This from the mouth of a child who is not yet 4 years old. My child. My first born, my daughter who has a tender, anxious soul and wisdom beyond her years. She made me a mother and challenges me every day to question my beliefs and face my fears.
She’s been curious about death lately. I’m not sure where she heard the word, but she seems to have grasped the concept. She understands that death means someone is gone and that they’re not coming back. She’s still struggling with the details; she recently asked “where we fall” when we die, or if we “pop.” I can handle those questions–even if I don’t have the right answers, I’m ok muddling through until I find something good enough that seems to work for her little brain. (We finally settled on “you just stop” as the answer to what happens, and that seemed to work for her.)
But questions about Mommy and Daddy dying? Those are entirely different, and not just because I don’t have the answers. The thing is, when my daughter asks those questions, she’s unwittingly tapping into one of my deepest, most pervasive fears.
I am terrified of one of my parents dying. Terrified. (I know that this particular fear is a short leap from the possibility that my husband or I might die, or God forbid, one of the girls. I am aware that these are my actual fears, but they are too painful to truly acknowledge. I can hardly write about them.)
I think about my parents dying on a regular basis, and I have for years. It is as much a part of my life as remembering to brush my teeth or pick the girls up from daycare. The worries often appear out of nowhere, as irrational thoughts are prone to do. I usually dismiss them, but at times I am consumed by anxiety, unable to focus on my work or chores.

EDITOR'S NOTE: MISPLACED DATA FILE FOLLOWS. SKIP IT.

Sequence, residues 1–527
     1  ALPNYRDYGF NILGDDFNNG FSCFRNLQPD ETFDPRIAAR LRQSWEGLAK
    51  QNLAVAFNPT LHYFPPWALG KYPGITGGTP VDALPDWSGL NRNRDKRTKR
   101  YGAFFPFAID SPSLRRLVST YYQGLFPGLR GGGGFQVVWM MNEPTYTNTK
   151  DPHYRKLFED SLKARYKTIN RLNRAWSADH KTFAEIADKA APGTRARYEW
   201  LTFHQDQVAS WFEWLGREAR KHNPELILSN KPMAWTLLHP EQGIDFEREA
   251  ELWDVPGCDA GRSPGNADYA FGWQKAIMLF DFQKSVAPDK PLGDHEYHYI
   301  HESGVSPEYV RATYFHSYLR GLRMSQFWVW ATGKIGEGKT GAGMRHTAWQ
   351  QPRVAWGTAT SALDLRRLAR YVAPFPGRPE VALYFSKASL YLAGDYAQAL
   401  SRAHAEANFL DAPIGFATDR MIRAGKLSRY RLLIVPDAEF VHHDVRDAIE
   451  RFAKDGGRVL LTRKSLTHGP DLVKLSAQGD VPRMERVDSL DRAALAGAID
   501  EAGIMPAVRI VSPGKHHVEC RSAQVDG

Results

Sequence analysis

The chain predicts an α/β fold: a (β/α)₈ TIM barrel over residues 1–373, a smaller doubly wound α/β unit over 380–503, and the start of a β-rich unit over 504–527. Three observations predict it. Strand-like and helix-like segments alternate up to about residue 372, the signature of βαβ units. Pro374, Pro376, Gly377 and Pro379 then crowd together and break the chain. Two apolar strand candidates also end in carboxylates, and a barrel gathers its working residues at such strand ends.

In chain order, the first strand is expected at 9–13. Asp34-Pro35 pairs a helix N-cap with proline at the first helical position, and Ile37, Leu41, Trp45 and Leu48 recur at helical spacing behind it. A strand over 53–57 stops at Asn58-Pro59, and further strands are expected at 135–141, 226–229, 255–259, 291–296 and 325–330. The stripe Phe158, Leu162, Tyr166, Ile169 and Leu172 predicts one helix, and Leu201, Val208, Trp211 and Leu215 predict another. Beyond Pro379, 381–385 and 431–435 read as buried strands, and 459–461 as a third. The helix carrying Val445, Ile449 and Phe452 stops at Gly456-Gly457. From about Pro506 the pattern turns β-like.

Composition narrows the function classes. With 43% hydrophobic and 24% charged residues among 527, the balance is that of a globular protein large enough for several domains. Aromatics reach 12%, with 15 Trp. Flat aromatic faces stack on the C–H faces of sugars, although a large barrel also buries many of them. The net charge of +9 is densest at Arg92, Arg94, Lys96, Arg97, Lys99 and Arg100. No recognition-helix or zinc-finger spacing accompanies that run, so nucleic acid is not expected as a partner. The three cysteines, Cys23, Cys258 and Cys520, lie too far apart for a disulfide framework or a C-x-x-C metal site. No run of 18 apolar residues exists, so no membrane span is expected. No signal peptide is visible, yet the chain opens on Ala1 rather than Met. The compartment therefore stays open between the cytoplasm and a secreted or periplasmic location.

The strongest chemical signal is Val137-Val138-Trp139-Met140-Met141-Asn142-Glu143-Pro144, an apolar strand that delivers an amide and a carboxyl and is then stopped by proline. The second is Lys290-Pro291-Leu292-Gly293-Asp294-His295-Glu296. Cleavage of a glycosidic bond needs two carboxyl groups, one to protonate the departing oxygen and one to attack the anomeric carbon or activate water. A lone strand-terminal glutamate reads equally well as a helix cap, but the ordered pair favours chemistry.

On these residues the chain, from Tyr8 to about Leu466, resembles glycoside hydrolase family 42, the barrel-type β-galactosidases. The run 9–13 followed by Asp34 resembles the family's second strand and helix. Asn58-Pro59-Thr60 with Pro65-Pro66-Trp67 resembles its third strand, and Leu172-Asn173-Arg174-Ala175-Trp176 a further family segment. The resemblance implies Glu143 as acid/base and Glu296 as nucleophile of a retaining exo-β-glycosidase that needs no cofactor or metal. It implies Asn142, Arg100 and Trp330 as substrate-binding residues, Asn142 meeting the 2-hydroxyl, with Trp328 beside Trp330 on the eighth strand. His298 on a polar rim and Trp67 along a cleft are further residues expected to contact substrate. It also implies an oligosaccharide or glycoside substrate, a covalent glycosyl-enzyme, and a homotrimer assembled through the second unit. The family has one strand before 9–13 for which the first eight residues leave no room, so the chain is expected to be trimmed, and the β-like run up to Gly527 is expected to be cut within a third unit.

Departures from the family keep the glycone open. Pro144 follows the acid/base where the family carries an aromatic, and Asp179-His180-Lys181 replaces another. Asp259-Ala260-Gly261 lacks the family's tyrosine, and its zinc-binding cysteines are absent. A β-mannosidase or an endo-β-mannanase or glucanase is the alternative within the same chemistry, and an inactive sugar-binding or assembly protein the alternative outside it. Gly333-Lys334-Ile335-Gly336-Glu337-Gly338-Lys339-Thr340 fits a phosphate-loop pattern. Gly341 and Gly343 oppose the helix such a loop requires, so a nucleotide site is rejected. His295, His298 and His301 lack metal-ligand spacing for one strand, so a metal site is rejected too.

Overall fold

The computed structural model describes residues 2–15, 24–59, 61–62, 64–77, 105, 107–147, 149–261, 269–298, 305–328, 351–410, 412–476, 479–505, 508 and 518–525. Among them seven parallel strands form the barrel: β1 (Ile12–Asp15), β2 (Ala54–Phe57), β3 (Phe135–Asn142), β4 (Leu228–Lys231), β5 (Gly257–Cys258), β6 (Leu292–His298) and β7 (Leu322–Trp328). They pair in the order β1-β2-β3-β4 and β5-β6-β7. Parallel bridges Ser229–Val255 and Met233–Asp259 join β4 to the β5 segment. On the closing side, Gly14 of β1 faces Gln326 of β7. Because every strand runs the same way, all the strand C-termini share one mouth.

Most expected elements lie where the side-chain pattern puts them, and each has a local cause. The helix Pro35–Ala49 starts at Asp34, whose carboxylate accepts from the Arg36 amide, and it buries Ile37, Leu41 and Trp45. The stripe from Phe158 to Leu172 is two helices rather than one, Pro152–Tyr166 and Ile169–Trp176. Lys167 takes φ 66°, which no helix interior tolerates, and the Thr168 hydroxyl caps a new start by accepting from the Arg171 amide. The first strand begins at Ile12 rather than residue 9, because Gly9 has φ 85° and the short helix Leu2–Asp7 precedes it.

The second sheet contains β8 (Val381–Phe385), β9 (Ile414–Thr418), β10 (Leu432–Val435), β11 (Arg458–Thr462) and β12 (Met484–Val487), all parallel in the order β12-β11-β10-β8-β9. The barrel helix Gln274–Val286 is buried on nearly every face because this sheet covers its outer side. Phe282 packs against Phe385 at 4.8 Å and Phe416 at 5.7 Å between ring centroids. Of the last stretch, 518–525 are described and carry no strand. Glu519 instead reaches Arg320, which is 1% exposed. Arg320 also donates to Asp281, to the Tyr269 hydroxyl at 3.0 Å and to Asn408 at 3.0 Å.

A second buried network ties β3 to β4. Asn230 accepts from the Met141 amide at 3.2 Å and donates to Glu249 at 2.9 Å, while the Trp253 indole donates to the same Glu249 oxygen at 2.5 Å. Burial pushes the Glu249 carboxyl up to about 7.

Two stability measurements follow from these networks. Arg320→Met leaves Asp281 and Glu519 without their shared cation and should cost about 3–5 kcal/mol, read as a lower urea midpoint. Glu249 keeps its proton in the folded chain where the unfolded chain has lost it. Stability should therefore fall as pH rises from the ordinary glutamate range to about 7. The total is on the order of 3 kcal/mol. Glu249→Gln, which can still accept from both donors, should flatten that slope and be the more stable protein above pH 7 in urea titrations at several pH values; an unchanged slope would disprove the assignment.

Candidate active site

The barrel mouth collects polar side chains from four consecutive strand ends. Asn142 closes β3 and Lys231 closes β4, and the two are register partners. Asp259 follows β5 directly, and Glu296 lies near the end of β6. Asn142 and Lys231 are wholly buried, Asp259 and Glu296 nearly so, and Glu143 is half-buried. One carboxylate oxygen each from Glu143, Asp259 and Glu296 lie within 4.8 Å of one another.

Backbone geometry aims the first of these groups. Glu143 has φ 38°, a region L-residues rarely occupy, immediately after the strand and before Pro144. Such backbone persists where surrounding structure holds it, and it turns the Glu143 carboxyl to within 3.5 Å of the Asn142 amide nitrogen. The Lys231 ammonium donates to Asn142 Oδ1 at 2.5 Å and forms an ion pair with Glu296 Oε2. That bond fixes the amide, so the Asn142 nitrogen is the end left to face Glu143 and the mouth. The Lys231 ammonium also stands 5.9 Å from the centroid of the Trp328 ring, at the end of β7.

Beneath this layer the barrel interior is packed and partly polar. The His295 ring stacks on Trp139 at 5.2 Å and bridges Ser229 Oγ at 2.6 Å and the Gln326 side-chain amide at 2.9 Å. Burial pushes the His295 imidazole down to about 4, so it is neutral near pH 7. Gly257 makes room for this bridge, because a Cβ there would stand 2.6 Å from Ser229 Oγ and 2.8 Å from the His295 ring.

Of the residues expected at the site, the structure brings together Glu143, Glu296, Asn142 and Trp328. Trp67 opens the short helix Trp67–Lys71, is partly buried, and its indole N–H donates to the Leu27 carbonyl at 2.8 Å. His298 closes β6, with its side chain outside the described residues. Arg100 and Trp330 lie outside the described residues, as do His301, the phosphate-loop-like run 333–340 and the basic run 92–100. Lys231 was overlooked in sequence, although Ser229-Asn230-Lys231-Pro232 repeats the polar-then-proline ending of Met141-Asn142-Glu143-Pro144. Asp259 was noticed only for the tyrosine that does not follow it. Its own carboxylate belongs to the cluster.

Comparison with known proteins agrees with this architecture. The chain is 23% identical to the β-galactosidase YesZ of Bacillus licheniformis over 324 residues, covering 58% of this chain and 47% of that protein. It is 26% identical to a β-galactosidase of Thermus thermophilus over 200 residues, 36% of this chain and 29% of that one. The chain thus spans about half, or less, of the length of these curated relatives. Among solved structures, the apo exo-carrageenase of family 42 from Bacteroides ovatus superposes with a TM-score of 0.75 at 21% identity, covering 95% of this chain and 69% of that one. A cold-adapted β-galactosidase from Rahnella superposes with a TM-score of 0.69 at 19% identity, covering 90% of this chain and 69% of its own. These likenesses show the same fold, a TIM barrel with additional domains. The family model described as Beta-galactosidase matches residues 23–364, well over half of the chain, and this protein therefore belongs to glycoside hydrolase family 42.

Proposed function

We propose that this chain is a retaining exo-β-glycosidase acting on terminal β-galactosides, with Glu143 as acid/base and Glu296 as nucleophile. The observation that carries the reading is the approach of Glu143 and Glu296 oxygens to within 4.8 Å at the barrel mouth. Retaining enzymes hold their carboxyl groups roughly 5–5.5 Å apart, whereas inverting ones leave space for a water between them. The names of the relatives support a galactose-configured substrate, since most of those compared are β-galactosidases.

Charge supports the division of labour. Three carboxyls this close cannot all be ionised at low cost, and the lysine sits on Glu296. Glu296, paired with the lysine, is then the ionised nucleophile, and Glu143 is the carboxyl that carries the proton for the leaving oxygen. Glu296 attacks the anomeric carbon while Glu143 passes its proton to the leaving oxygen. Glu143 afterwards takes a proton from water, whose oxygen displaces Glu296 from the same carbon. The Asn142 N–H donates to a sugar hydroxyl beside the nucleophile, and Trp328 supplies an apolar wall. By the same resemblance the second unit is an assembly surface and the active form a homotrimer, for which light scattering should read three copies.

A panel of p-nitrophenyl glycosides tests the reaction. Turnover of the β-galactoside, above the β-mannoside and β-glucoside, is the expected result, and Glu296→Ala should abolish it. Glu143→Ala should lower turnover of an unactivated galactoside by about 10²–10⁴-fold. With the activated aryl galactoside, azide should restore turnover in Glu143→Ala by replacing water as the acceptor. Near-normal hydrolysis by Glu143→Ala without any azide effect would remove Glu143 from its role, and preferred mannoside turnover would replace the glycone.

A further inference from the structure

Yes, I have talked about this in therapy. Endlessly. I’m an over-thinker (and, at times, an over-talker), and like any good neurotic Jewish social worker, I can trace my fears back to any number of life events: my parents’ divorce from each other when I was less than a year old, their subsequent divorces from my step-parents, my separation from each of them at different times. But, as one of my wisest mentors often reminds me, insight is the booby prize. Knowing all of this doesn’t help when I’m awake in the middle of the night, ruminating on what might happen to my parents, or me, or Josh, or our daughters. It sure doesn’t help when my little girl brings it up as we’re snuggling before bedtime.
In those moments, sitting in the dark, holding my daughter who won’t fit on my lap much longer, I feel the fear in the pit of my stomach, in the tightness of my chest, in the way my mind suddenly goes blank. “Who will take care of me if you and Daddy die?” she asks. I have no answer for her, because I can’t imagine dying before my children any more than I can imagine my own parents dying. I have experienced death in my own life, and counseled those who have endured unimaginable losses, and yet… I have nothing in those moments but fear.
And so I hold on to the most primal aspect of life–breathing. I breathe in, I breathe out, I search for the words. I have been telling my daughter that Daddy and I won’t die until she has grandchildren. (This, of course, triggers an entire conversation about her desire to have kids, and the fact that she doesn’t know how to get a baby in her belly, and could Daddy and I please make one and put it there for her. I never thought I would be grateful for the sex conversation, but I’ll take that over death any day.) I reassure her that we’re not going to die any time soon, and I pray that I’m not lying to her, that God and fate and luck and genetics will be kind to my husband and me, that we will live to see our children grown, settled, and happy.
I don’t want my daughter to worry as I do. And of course, she has no reason to worry, not like I do. Josh and I are still married, and neither of the girls have ever been away from their parents for any substantial period of time. But her questions about death have helped me see that perhaps my own fears aren’t entirely grounded in the details of my childhood; perhaps they are part of the human condition, or even the Jewish condition. Perhaps they are part of the muddled DNA that my husband and I have passed along to our daughters; a mix of wisdom and worry that somehow sustained our families through centuries of persecution and wars, of separations and reunions, of life and loss.
All of that family history and all of my own fears come together in those moments, in that brown armchair in her little bedroom, with her questions and my gasping for breath and grasping for answers. I don’t know. I don’t know about any of it. But as I reassure her, I am reassuring myself. And for that I am grateful.